<ClientAuthEnabled>false</ClientAuthEnabled>
              <Enabled>true</Enabled>
              <IgnoreValidationErrors>false</IgnoreValidationErrors>
              <Protocols/>
              <TrustStore>mocktarget-truststore</TrustStore>
          </SSLInfo>
      </TargetServer>
      
  2. If the backend service requires two-way SSL communication, then:
    1. You need to have SSLInfo attributes with ClientAuthEnabled, Keystore, KeyAlias, and Truststore flags set appropriately, as shown below:
      <TargetServer  name="mocktarget"> 
           <IsEnabled>true</IsEnabled>
           <Host>www.example.com</Host>
           <Port>443</Port>
           <SSLInfo>
               <Ciphers/>
               <ClientAuthEnabled>true</ClientAuthEnabled>
               <Enabled>true</Enabled>
               <IgnoreValidationErrors>false</IgnoreValidationErrors>
               <KeyAlias>keystore-alias</KeyAlias>
               <KeyStore>keystore-name</KeyStore>
               <Protocols/>
               <TrustStore>truststore-name</TrustStore>
           </SSLInfo>
        </TargetServer >
      

References

Load balancing across backend servers

Cause: EOFException from the backend server

The backend server may send EOF (End of File) abruptly.

Diagnosis

  1. Use API Monitoring, Trace tool, or Nginx access logs to determine the message ID, fault code, and fault source for the 502 error.
  2. Check the Message Processor logs (/opt/apigee/var/log/edge-message-processor/logs/system.log) and search to see if you have eof unexpected for the specific API or if you have the unique messageid for the API request, then you can search for it.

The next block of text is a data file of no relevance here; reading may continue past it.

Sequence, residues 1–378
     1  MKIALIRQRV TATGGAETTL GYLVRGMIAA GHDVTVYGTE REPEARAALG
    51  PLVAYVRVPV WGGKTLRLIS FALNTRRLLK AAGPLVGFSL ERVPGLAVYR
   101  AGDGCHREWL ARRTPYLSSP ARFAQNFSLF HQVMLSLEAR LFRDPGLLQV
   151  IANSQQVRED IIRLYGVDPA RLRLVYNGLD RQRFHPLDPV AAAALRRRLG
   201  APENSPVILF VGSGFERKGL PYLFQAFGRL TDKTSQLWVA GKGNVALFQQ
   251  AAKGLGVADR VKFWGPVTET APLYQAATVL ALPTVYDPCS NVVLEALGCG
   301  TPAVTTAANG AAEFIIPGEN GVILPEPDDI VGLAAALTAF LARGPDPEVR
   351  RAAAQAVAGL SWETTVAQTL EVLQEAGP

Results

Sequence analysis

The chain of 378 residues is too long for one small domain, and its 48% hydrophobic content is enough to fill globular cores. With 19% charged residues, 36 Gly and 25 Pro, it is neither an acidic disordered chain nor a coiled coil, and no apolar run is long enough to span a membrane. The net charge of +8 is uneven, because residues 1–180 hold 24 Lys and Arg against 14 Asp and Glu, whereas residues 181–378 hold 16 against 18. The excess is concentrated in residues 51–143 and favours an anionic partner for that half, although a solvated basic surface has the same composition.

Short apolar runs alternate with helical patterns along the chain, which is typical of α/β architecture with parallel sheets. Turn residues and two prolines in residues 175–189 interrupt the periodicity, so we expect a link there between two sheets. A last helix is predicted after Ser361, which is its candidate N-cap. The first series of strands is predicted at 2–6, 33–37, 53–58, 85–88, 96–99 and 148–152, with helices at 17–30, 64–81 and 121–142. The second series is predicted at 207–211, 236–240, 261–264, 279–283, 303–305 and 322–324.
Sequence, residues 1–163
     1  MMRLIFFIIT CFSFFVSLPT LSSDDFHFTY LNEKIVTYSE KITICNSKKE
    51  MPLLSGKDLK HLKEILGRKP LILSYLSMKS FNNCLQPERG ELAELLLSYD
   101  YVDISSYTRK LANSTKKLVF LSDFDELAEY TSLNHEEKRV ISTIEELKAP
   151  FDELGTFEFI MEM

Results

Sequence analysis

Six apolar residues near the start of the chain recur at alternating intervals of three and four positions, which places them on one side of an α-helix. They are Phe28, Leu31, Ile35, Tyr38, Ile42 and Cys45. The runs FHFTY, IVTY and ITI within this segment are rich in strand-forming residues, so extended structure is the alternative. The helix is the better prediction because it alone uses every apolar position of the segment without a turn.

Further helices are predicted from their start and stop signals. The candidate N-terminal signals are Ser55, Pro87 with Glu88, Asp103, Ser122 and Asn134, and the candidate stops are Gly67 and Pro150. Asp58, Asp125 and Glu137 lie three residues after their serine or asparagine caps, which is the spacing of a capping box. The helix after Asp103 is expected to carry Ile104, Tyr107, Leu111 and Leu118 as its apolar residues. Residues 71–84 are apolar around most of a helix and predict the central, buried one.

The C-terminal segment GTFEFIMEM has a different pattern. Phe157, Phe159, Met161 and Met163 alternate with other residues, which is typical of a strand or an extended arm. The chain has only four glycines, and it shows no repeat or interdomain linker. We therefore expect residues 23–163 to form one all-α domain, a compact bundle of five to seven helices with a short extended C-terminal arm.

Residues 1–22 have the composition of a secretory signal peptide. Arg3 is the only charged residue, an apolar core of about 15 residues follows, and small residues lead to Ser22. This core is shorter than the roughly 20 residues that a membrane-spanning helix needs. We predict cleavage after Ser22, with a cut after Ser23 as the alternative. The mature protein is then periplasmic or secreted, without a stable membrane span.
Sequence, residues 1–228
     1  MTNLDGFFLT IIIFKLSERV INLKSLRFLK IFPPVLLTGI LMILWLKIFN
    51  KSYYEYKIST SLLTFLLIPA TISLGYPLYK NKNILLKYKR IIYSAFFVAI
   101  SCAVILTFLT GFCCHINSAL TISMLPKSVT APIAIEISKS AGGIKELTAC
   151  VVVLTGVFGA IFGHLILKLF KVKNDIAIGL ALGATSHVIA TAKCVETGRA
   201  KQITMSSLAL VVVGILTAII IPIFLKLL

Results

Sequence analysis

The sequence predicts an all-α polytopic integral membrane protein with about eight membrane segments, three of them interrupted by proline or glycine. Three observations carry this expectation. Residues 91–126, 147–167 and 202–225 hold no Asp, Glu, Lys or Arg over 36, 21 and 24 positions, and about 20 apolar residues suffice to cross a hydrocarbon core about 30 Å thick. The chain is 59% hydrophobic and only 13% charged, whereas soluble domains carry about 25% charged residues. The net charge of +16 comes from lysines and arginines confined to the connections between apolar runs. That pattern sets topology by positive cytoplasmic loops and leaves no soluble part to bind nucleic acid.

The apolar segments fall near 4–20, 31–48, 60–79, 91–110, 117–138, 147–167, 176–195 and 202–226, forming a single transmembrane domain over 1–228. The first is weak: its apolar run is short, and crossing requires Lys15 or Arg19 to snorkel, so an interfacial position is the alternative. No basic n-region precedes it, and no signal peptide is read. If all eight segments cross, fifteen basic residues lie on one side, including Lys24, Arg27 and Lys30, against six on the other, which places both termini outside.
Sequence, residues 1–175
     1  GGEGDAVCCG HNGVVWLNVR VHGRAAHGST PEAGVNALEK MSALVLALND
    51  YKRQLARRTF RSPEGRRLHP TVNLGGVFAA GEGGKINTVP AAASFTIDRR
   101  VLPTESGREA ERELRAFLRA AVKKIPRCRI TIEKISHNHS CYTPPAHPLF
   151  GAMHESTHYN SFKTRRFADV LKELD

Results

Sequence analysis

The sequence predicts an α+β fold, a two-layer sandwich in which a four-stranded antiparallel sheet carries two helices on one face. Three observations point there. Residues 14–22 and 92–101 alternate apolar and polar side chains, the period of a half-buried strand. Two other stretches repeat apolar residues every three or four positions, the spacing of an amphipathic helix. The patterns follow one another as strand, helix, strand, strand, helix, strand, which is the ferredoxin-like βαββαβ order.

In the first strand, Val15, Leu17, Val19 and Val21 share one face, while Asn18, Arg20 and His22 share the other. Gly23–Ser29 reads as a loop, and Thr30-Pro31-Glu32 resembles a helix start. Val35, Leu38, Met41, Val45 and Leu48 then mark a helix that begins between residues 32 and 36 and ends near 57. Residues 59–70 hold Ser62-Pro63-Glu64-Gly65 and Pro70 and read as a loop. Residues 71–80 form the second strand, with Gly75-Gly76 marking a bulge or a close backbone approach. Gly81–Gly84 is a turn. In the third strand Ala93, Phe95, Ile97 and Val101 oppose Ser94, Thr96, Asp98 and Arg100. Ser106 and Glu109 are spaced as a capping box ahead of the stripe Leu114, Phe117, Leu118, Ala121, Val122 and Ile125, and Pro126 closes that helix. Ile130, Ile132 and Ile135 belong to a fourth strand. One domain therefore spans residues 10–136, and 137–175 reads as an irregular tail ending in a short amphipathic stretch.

Sample exception stack trace from Message Processor log

    "message": "org:myorg env:test api:api-v1 rev:10 messageid:rrt-1-14707-63403485-19 NIOThread@0 ERROR HTTP.CLIENT - HTTPClient$Context$3.onException() : SSLClientChannel[C:193.35.250.192:8443 Remote host:0.0.0.0:50100]@459069 useCount=6 bytesRead=0 bytesWritten=755 age=40107ms lastIO=12832ms .onExceptionRead exception: {} 
    java.io.EOFException: eof unexpected
    at com.apigee.nio.channels.PatternInputChannel.doRead(PatternInputChannel.java:45) ~[nio-1.0.0.jar:na] 
    at com.apigee.nio.channels.InputChannel.read(InputChannel.java:103) ~[nio-1.0.0.jar:na] 
    at com.apigee.protocol.http.io.MessageReader.onRead(MessageReader.java:79) ~[http-1.0.0.jar:na] 
    at com.apigee.nio.channels.DefaultNIOSupport$DefaultIOChannelHandler.onIO(NIOSupport.java:51) [nio-1.0.0.jar:na] 
    at com.apigee.nio.handlers.NIOThread.run(NIOThread.java:123) [nio-1.0.0.jar:na]"